Utilities Middle East – August 2019

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http://www.utilities-me.com August 2019 / Utilities Middle East 37

fl uctuations. These favourable terms came at
a time when GCC governments were desper-
ate to bring IPPs and quickly increase capaci-
ties. But it is unclear if these terms will continue,
as prospects of liberalising the market and gov-
ernments’ desire to reduce its off -taking risk
may result in terms becoming less favourable.
Yet IPPs know that lower government reve-
nues and rapidly rising demand mean that their
involvement in the sector is crucial, giving them
strong negotiating power.
The introduction of IPPs in the GCC has been
instrumental in meeting rapidly rising electric-
ity demand. Today, they represent the major-
ity of new capacity and continue to replace
government power plants. Although there are
potential implications of over-reliance on this
strategy going forward, several benefi ts can be
discerned for the GCC power sector.
First, IPPs allow investments in power

Second, IPP projects are usually more cost
eff ective than government power plants. Con-
tracts under the IPP model are usually awarded
to developers who provide the lowest levelised
cost of electricity (LCOE), the price per kWh
that represents all fi xed and variable costs of a
project throughout its lifetime. Developers are
therefore encouraged to maximise effi ciency.
Since the ability of developers to cut costs and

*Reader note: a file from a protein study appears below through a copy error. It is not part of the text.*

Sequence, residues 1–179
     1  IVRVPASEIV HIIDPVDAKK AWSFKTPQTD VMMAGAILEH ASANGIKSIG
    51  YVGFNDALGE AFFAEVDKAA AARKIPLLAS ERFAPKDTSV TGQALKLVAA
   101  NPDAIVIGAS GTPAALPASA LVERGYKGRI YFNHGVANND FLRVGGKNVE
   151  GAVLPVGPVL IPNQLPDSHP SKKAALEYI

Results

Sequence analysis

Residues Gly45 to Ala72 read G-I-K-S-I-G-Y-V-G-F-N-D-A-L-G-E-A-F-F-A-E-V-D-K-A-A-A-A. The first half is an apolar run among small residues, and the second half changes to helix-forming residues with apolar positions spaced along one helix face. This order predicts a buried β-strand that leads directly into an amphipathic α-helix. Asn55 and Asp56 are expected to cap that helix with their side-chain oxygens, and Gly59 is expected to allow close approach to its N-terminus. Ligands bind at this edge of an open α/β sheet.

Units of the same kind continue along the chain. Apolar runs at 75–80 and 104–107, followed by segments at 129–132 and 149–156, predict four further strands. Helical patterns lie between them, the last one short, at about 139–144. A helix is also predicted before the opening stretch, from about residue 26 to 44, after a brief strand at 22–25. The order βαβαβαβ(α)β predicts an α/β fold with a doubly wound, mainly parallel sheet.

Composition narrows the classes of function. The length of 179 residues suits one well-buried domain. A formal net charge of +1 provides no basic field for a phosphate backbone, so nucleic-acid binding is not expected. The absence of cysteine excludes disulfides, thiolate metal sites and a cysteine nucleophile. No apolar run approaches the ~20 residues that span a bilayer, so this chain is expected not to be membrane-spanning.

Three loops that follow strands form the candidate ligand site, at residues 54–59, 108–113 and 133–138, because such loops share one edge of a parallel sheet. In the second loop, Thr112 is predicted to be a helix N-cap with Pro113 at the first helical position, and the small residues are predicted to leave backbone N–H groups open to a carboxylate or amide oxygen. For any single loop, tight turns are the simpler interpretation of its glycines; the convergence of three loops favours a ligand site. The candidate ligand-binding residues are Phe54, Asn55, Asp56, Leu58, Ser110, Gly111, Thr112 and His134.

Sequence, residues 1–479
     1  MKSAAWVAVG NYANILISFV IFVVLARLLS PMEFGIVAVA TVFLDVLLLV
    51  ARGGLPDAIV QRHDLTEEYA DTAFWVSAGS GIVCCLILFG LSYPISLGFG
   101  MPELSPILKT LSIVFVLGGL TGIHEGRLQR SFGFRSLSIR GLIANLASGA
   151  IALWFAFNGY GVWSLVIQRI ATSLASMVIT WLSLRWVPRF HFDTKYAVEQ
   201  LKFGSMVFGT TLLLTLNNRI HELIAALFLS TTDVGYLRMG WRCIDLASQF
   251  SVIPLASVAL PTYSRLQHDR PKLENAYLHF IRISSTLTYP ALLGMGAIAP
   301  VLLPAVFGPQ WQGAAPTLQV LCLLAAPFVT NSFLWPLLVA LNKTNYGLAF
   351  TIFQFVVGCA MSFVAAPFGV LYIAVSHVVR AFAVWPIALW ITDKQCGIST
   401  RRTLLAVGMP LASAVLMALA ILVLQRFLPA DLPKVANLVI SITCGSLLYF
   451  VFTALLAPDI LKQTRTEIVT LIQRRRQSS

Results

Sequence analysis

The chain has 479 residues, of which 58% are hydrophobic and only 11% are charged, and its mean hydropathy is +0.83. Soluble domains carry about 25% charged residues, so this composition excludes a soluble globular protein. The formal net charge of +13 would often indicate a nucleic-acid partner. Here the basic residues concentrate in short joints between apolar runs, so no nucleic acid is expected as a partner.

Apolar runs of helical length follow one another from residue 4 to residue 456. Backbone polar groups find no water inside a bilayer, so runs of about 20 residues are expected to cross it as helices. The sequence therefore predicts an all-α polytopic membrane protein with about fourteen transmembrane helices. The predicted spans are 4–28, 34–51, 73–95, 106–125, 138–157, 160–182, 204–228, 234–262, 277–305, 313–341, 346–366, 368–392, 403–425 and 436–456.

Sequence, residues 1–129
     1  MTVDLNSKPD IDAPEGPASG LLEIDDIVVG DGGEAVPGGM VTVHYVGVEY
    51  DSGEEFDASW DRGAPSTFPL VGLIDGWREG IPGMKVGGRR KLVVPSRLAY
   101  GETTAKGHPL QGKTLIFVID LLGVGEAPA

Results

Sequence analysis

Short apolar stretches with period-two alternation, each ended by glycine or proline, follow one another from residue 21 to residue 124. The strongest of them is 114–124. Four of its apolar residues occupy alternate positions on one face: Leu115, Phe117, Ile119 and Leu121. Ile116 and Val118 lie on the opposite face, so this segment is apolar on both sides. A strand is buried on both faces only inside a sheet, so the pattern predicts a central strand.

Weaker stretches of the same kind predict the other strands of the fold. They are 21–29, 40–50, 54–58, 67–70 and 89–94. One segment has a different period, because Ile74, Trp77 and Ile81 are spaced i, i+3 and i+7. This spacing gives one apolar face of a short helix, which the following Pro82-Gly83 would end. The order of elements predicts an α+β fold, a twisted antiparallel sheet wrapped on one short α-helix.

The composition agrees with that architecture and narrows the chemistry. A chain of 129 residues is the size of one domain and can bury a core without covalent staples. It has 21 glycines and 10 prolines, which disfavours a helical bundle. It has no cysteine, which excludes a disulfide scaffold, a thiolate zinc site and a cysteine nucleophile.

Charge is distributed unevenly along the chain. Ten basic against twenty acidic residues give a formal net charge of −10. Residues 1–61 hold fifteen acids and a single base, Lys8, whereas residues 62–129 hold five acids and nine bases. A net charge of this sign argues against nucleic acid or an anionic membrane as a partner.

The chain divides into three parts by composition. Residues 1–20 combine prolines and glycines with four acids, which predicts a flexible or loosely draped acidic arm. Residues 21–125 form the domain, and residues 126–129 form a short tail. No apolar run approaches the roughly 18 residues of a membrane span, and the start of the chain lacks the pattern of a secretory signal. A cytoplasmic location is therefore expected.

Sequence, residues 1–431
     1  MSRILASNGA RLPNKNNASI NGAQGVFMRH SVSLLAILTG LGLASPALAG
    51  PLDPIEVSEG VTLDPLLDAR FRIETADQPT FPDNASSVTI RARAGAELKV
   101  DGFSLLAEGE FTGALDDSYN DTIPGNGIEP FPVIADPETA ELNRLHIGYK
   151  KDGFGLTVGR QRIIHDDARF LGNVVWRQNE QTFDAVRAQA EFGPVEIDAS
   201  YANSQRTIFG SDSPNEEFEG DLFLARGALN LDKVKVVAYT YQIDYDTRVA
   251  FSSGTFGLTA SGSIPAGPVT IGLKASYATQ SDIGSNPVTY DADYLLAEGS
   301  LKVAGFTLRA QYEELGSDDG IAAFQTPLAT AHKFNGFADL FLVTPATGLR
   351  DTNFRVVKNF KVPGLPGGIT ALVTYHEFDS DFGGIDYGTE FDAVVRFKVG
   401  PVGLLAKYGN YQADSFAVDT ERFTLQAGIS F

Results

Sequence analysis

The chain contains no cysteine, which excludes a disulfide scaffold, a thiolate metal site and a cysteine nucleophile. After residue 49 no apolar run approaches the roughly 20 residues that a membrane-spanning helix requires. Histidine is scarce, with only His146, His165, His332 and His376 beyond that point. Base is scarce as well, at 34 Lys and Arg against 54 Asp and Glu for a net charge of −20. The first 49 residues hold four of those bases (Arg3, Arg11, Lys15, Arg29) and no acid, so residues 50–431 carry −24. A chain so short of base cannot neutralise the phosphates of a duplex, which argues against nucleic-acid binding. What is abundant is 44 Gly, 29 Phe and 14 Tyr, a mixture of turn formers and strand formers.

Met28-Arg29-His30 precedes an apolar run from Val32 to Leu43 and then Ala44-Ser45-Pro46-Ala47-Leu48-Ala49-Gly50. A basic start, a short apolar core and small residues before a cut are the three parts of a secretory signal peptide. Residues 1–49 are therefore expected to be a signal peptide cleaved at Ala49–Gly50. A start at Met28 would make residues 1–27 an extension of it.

improve technology diff er, IPP bidders can have
costs that vary by large margins. For example, the
Dubai solar park phase III received fi ve bids for
the 800MW project ranging from 2.99 ¢/kWh to
4.48 ¢/kWh. A consortium of Abdul Latif Jameel,
Fotowatio Renewable Ventures, and Masdar
broke the global solar record with 2.99 ¢/kWh.
This comes after phase II of the same solar
park broke the then world-record when a con-
sortium of Acwa Power and TSK off ered 5.85
¢/kWh. Tendering projects to IPPs based on

generation without the need for governments
to pay the entire upfront cost. While fi scal buf-
fers and substantial export revenue has allowed
governments to invest heavily, governments
are becoming increasingly constrained, as fall-
ing revenues need to be allocated towards other
vital sectors such as education, health, and
Low oil prices mean that cash will not fl ow
easily from governments to state utilities. This
is particularly the case for SEC, which is aggres-
sively tapping local and foreign debt markets.
This year alone, SEC secured a loan of $1.4bn
from Japanese banks and a $1.5bn fi nancing
deal with the Industrial and Commercial Bank
of China. Overall, the state utility has received
government and capital-market funding for
more than $34bn since it launched its fi rst
sukuk in 2007. SEC is also planning a $3.3bn
back-up credit facility.
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